Entrepreneur Rattan Chadha claims he came up with the idea for CItizenM when he was working at Mexx and saw a lot of buyers who needed to travel a lot on a tight budget but hated the Holiday Inns of the world. The impressive thing about CitizenM is the thought that’s gone into creating not only a digital journey but a journey that has been designed around the needs of a specific customer type. To some extent what’s not included is as interesting as what is; why include peripheral elements which the target market simply don’t value.
Chadha cites things like chocolates on pillows as being an example of what’s left out but the changes are much more significant than that. On the one hand, the check in process has taken inspiration from the likes of low cost airlines – scan the pass on your phone and print your own room key. However, unlike so many airlines this isn’t at the expense of friendly , helpful staff there to guide you if anything goes wrong and also offers real benefits to the traveller – the first touchpoint is complete in under a minute. They have also removed any nervousness from the next step in the journey (you know that bit where you tentatively peer round the door to see what your room is like!). All the rooms are the same configuration and the same price – you know exactly what you’re going to get.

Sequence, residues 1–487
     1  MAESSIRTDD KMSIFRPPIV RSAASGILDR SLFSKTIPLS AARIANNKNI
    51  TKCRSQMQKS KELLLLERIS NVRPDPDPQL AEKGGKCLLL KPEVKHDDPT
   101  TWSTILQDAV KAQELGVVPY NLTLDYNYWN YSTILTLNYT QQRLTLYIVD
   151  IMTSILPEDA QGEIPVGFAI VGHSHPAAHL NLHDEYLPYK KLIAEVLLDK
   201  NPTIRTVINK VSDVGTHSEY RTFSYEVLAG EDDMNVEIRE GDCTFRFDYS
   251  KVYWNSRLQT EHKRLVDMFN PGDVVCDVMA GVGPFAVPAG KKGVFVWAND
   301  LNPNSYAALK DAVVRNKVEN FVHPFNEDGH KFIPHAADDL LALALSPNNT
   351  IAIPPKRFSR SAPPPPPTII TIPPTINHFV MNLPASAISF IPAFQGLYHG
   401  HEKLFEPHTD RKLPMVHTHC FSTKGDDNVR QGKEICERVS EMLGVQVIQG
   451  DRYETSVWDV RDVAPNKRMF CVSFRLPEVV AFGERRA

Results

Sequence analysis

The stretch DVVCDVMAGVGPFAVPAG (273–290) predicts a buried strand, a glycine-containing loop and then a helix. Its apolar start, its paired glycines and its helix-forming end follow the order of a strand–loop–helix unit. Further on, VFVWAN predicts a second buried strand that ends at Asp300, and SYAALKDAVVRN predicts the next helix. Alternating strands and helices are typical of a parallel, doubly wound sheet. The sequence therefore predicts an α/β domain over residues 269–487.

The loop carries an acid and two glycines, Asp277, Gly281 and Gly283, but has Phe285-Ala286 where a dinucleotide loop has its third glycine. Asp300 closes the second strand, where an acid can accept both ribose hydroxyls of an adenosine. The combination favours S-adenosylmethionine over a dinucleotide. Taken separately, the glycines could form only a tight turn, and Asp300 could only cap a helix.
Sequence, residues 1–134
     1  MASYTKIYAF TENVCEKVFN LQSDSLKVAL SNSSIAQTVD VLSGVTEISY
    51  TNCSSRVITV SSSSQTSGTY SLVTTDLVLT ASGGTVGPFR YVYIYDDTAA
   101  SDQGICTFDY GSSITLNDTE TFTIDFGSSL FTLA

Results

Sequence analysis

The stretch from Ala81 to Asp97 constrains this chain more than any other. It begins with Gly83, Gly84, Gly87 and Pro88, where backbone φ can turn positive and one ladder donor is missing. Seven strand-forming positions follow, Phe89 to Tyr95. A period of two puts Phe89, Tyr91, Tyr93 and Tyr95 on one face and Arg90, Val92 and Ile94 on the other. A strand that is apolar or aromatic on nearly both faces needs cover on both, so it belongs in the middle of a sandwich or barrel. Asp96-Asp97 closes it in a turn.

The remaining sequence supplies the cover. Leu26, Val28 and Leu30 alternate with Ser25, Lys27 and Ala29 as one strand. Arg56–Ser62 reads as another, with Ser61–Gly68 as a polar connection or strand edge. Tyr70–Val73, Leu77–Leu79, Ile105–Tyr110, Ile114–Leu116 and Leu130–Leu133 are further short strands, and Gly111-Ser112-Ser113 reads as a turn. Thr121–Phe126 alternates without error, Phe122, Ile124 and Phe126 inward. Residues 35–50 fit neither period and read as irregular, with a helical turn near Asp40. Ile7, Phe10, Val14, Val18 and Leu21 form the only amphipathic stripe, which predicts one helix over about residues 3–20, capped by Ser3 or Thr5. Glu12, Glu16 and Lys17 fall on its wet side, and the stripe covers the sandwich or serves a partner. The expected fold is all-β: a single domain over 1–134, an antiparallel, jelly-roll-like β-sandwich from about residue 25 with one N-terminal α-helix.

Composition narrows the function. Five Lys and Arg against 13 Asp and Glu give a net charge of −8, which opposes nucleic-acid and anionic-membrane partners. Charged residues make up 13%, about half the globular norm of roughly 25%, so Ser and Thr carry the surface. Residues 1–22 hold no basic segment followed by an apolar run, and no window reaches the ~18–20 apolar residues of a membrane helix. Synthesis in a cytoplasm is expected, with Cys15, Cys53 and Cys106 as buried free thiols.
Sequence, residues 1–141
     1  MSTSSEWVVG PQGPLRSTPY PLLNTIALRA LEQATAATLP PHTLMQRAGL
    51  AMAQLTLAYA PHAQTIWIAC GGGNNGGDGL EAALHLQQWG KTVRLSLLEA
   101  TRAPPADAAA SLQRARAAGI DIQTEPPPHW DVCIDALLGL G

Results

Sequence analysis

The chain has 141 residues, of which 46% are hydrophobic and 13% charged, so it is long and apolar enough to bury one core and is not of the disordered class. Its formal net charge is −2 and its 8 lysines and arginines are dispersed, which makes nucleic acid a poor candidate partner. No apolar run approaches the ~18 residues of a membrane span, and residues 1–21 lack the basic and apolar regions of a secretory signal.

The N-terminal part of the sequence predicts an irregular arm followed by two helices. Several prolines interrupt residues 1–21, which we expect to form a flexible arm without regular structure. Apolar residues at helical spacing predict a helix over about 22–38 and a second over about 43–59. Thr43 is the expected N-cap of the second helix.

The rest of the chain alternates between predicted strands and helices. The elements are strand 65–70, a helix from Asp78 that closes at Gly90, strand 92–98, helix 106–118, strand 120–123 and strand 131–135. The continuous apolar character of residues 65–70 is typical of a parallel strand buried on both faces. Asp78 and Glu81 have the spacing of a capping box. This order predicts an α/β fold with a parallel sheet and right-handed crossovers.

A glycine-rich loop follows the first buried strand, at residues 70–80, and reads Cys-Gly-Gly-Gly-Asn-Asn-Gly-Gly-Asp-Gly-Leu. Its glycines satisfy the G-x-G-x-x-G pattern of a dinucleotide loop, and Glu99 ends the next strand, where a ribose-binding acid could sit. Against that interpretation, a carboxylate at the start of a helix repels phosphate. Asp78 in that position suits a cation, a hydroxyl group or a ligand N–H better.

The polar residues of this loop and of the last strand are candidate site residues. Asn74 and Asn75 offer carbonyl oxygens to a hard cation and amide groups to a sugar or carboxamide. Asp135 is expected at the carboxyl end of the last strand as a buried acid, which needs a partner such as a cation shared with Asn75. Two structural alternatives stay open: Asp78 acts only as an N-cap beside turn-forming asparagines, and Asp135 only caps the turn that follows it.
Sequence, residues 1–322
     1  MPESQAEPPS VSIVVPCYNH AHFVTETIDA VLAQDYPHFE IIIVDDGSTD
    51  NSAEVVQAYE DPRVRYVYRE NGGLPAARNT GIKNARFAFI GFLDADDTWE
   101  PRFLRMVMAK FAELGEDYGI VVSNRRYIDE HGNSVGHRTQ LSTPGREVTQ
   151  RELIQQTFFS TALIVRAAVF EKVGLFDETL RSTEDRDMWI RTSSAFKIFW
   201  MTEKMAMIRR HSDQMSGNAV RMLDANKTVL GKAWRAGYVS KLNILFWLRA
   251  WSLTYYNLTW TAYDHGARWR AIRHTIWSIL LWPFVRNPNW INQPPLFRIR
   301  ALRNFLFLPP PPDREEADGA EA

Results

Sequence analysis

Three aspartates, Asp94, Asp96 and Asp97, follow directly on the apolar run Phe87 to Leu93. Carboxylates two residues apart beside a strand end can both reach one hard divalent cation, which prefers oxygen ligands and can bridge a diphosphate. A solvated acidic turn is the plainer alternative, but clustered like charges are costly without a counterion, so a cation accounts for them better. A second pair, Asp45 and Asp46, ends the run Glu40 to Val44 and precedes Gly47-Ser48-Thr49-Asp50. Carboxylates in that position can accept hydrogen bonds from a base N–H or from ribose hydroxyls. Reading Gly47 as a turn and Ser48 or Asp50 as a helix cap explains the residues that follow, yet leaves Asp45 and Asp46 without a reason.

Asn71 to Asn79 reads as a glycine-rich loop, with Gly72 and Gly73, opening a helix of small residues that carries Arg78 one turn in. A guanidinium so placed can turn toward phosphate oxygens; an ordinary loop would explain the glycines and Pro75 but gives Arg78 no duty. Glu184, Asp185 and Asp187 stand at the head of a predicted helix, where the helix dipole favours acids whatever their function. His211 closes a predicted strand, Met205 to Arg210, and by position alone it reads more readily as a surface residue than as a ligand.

Secondly, whilst many CitizenM guests are undoubtedly there for work, in room facilities are pretty cramped for a workspace. However, undoubtedly, Chadha and his team have taken inspiration here from the trends in workspaces more generally. There might not be a sizeable desk in each room but there is a bright and airy communal space which is full of people working, alongside people eating and drinking at all times day and night. Less Regus, more WeWork. The same is true with other costly ‘high touch ‘ services like room service. Spend anytime in a CitizenM bar and you’ll witness guests picking up a couple of beers or glasses of wine to take back to their room – this segment would rather get it now than pay a large premium for a frustrating wait for the room service waiter to arrive.
Crucially though, none of this comes at the expense of personality. The experience feels fun and engaging and there is a clear tone of voice to every piece of copy. The CRM programme has clearly had a lot of thought put into it and pre-arrival mails feel genuinely useful rather than cynical attempt at cross sell/ up sell. - they highlight things to do in the local area or features of the hotel and , as a customer the ‘budget’ experience of CitizenM somehow feels far more rewarding than the ‘premium’ experience of BA.